• ■ Improving social outcomes through well-targeted social assistance. The authorities missed the floor on priority social spending (indicative target) by a relatively small margin. The underspending was due to a lower than budgeted volume of contracted medical services and a decrease in the number of unemployment benefit recipients. Nonetheless, the authorities want to strengthen the social safety net through enhanced targeting and effective coverage of social assistance programs, including by updating eligibility and benefit parameters, and by implementing active labor market policies. As a prior action, the government implemented legislation to secure the long-term sustainability of the pension system and improve its equity.

Monetary policy is anchored by the NBM’s inflation target of 5 percent.

Inflation is the primary objective of monetary policy. The best way to demonstrate this is by acting on (dis)inflationary pressures using the base rate as their monetary policy tool. Staff and the authorities discussed the timing of a base rate cut in December 2019. The NBM implemented this base rate cut in full accordance with their inflation targeting regime, as they predicted an easing of inflationary pressures. The inflation rate indeed decreased to 6.9 percent in January 2020. In the discussion about the optimal timing of a rate decrease given disinflationary pressures staff thought a base rate cut could have been postponed until incoming data confirmed the disinflationary trend, while the NBM’s assessment was that a December rate cut was the optimal response. The NBM implemented a new FX intervention strategy as an end-December Structural Benchmark to reduce the NBM’s footprint on the FX market. During the program, the institutional structure of the NBM has been strengthened and the authorities are fully committed to safeguarding the independence of the NBM.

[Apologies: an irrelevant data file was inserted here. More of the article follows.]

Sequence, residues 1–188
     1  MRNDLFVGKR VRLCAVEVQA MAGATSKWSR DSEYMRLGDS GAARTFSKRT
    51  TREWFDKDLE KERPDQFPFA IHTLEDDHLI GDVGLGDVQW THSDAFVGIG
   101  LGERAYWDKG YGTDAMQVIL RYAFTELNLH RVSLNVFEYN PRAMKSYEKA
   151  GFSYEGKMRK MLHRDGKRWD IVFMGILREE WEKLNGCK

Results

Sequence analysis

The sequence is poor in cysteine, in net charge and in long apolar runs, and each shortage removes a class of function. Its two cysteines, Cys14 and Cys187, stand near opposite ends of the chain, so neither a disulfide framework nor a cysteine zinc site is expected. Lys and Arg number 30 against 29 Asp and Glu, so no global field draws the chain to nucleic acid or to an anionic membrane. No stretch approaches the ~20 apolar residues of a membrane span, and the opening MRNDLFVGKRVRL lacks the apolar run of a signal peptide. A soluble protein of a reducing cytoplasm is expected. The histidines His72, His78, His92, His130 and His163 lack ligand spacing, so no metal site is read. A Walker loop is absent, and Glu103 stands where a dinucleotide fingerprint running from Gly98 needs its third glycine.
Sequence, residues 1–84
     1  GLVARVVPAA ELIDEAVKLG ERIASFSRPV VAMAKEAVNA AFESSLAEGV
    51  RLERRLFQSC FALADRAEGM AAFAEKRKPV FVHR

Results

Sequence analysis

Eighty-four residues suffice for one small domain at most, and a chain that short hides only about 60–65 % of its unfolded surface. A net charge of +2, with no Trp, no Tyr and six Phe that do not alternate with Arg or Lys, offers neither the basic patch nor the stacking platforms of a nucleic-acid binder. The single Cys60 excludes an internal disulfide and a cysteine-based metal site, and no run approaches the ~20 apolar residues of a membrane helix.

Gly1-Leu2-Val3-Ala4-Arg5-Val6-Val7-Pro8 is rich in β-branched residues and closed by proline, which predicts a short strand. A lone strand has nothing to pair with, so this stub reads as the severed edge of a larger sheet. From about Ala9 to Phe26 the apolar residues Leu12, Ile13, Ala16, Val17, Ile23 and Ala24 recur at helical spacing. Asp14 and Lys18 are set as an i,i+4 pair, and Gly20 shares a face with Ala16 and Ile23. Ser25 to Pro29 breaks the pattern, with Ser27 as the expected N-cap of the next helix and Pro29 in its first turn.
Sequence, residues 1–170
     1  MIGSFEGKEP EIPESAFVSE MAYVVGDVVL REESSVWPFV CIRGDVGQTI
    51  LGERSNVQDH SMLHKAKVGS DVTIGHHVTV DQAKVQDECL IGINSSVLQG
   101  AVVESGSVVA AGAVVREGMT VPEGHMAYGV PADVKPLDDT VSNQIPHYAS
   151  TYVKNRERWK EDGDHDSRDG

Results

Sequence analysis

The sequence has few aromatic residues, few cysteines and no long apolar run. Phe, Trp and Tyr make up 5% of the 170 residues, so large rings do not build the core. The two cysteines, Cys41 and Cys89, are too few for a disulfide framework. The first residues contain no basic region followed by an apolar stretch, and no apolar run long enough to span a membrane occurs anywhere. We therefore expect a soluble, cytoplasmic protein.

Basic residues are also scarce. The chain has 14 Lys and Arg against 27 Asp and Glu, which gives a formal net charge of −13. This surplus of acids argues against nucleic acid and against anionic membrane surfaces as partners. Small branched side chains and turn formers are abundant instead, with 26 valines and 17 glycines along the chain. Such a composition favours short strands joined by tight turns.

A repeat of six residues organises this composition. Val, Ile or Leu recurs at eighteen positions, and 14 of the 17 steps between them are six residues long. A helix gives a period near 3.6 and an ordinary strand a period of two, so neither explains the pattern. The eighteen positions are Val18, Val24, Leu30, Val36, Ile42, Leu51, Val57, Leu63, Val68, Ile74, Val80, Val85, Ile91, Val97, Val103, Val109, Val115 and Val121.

Republic of Moldova: Staff Report for the 2020 Article IV Consultation and Sixth Reviews Under the Extended Credit Facility and Extended Fund Facility Arrangements-Press Release; Staff Report; and Statement by the Executive Director for the Republic of Moldova
Author: International Monetary Fund. European Dept.